In their new book We Do Language: English Language Variation in the Secondary English Classroom, Anne Harper Charity Hudley and Christine Mallinson encourage educators to take a more critical approach to understanding the ways that students employ non-standardized English language varieties. Although the primary audience for the book is secondary English teachers, anyone who teaches in today’s ever-changing linguistically diverse classrooms will find it a beneficial resource.
Language is as inextricably linked to our cultural experiences as the number of boxes that we can check on a form. As people, cultures, technologies, and contexts change, so does the language that we use to express ourselves. I don’t have to look any farther than that last text that I sent or received to see how new literacies have changed language. With that being said, as educators it is still somewhat difficult to determine what is permissible in terms of non-standardized use of English in the college classroom. Navigating the space between expectations for standardized English proficiency and acceptance of non-standardized English varieties can be second nature for some and completely perplexing for others. To assist in navigating this terrain, Charity Hudley and Mallinson advocate for what they call “linguistic awareness” in classrooms and beyond.
The chapter that I found most intriguing in this regard was titled “Language Varies.” In it the authors identify what they describe as three linguistic truths and explain why it is important to possess more than a superficial understanding of these seemingly obvious truths. The truths put forth are: “Communication Occurs in Social Contexts,” “Language is Always Changing,” and “Language Differences are not Language Deficits” (ch. 2). Additionally, they include a set of “linguistic reflection” questions such as “Where do you hear different types of language?” and “What type of language variation do you find interesting?” (ch. 2). These questions encourage readers to confront our own ideas about language varieties. The chapter concludes with suggestions for “supporting linguistically and culturally diverse students” (ch. 2). Although the authors do not provide specific strategies for doing this, they argue that “to help all students . . . become communicatively competent, it is important for educators to be able to identify language differences in culturally responsive and sociolinguistically informed ways” (ch.2).The authors believe that educators who have a firm grasp of the linguistic truths “are able to build on their students’ home languages and language varieties as they help [them] learn the norms and conventions of standardized English” (ch. 2).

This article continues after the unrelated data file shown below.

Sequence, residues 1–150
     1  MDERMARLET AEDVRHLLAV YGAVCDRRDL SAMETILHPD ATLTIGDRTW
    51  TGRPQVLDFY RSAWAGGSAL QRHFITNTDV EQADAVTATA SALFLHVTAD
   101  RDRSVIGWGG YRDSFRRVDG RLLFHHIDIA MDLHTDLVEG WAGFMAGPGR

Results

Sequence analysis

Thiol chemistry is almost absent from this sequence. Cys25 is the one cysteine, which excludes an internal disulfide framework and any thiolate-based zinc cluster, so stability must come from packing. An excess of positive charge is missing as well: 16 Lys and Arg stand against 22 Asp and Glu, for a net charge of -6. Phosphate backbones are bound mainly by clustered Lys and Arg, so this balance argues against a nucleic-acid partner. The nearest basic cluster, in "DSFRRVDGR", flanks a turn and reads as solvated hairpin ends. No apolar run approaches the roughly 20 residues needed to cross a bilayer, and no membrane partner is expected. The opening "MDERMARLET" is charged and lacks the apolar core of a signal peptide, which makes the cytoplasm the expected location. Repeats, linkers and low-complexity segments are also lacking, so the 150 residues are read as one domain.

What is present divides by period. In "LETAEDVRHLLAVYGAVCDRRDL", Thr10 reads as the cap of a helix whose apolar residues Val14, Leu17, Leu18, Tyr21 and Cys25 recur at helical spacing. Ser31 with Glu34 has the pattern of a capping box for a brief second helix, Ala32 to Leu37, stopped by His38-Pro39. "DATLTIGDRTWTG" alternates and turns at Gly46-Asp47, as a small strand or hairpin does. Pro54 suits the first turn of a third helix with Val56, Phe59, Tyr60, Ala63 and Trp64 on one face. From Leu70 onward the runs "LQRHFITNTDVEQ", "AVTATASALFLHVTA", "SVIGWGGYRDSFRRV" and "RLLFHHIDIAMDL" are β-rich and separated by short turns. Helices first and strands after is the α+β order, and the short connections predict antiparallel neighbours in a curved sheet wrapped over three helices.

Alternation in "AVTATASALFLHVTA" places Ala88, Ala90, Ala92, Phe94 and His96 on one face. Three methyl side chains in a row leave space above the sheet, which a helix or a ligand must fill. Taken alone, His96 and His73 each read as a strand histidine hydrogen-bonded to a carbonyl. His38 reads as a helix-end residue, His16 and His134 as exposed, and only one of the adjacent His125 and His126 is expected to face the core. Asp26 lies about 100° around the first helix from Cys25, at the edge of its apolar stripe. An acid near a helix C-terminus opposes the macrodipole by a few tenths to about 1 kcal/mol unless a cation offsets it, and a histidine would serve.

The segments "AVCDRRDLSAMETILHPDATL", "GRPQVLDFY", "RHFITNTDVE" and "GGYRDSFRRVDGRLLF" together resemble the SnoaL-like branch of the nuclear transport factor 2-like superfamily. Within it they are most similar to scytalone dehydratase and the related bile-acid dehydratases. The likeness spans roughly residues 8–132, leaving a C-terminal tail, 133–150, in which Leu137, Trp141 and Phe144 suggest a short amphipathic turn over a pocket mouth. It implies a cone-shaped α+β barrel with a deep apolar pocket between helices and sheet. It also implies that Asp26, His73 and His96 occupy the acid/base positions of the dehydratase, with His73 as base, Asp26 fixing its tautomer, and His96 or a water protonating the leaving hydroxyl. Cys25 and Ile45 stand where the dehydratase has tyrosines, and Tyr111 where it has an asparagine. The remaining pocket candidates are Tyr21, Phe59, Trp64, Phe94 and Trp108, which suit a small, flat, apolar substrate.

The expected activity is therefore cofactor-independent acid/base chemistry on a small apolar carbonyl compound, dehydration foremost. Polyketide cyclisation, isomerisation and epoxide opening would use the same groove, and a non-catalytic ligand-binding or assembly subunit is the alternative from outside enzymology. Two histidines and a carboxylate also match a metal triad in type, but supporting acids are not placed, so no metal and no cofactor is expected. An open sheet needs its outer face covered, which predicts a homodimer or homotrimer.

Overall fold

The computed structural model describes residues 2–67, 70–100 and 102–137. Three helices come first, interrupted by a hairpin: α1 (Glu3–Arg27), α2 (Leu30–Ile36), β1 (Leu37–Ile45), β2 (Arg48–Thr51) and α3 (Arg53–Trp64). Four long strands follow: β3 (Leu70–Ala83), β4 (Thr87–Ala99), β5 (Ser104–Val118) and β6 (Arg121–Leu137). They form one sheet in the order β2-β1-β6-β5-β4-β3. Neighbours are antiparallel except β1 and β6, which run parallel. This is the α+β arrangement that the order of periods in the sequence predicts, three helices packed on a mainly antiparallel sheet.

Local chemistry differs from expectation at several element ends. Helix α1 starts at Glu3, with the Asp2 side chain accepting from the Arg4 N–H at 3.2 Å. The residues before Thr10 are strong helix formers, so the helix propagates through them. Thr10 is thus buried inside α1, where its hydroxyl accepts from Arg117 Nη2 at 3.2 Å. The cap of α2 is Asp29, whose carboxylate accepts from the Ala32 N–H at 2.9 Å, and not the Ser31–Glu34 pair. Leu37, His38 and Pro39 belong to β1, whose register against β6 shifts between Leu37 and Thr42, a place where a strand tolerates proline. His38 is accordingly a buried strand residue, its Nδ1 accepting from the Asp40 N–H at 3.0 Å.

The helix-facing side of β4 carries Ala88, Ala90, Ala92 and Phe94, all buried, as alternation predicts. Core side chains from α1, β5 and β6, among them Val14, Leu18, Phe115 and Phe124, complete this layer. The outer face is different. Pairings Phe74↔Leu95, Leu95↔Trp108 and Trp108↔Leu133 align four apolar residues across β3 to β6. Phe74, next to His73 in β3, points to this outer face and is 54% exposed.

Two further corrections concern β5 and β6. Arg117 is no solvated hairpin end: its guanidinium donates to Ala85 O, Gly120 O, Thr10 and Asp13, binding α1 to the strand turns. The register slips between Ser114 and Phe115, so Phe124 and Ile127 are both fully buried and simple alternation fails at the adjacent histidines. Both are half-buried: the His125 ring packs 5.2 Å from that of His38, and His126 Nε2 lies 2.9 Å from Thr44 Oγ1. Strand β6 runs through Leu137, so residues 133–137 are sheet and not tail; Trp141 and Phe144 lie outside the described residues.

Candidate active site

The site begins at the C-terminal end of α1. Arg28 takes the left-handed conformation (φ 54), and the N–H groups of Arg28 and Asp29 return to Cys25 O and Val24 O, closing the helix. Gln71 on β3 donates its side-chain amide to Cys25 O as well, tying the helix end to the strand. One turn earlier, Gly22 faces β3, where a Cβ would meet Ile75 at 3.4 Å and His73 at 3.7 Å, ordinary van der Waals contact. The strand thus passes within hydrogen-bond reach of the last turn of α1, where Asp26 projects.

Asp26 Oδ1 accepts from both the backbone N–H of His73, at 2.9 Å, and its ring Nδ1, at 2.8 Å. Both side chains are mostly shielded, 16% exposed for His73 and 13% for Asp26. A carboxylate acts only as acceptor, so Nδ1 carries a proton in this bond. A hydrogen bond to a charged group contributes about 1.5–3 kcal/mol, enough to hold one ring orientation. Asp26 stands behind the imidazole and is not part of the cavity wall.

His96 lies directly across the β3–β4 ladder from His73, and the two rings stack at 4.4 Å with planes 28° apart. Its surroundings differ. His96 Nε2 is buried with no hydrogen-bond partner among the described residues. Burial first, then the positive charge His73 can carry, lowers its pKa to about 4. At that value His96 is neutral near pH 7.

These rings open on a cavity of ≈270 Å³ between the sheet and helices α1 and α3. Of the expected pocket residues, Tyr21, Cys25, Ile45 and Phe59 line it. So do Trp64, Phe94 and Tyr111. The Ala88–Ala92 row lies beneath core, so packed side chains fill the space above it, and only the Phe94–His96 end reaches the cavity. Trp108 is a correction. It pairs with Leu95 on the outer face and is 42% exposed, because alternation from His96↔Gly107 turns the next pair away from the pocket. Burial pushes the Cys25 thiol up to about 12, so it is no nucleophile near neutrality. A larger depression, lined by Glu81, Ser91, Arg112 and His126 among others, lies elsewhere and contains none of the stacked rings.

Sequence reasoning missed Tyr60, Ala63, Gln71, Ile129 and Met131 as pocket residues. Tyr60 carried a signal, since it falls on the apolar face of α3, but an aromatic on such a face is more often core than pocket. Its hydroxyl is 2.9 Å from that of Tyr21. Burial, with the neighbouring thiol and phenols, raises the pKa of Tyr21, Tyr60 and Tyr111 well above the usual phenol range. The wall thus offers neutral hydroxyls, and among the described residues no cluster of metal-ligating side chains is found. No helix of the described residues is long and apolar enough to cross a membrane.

Charity Hudley and Mallinson assert that, “language varieties are often stigmatized,” which brings with it additional ills (ch. 2). To that end they argue, “The tenets of multiculuralism challenge us to critically examine these notions, however, and, to see [language] differences as part of the natural spectrum of humanity” (ch. 2). This becomes of increasing importance as the ever-expanding definition of multiculturalism presents itself in college classrooms, particularly for adults students whose cultural and linguistic voices may be more firmly cemented.
The authors argue, “Any language variety is just as logical and internally consistent as another, and, just like standardized English, non-standardized varities of English are rule-governed and predictable in their linguistic structure” (ch. 2). Therein lies the problem for many instructors; how does one become familiar with the rules of the language variety that a student is using? I have experienced situations where colleagues have wrongly equated a student’s incorrect use of grammar with a dialect or vernacular. On the more disturbing end of the spectrum, I vividly remember an experience where I witnessed a colleague belittle a student by telling him that his use of an English language variety showed his “inability to speak standard American English.” In that case, I intervened to salvage what remained of the student’s visibily diminished self-esteem. Because of my familiarity with the language variety he used, I was able to offer suggestions that would help rather than hinder the student’s academic progress.
In cases where I am unfamiliar with a language variety, I ask the student to explain to me what he or she means. I find that this empowers students because rather than feel that they are deficient, they see that they are using a variation of the language and that they are fluent enough to translate it into another variety. Depending on the assignment, we can determine which variety of English is best suited for the audience. If students do not learn the correct contexts for using standardized and non-standardized varieties of English in the college classroom, where will they learn them?
Although some hardline sociolinguists and home language advocates argue that one should be able to use any English language variety anywhere, the reality is that we live in a world where context dictates which variety of English we use as much as it dictates that I don’t wear my pajamas to a job interview. As an educator, I would do my students a grave disservice to not teach this. As educators we can find ways to empower students linguistically and respect their cultural identities. To support this notion, the authors cite earlier work by Smitherman and Villanueva who argue, “real-word educational and professional situations bring together speakers of different languages and language varieties. Students who are able to navigate this diversity are well positioned to succeed in a multicultural society” (qtd in Charity Hudley and Mallinson, ch. 2). I would argue that the same is true for faculty. I believe that the more linguistically aware I am as a teacher, the better prepared I will be to teach in our multicultural classrooms.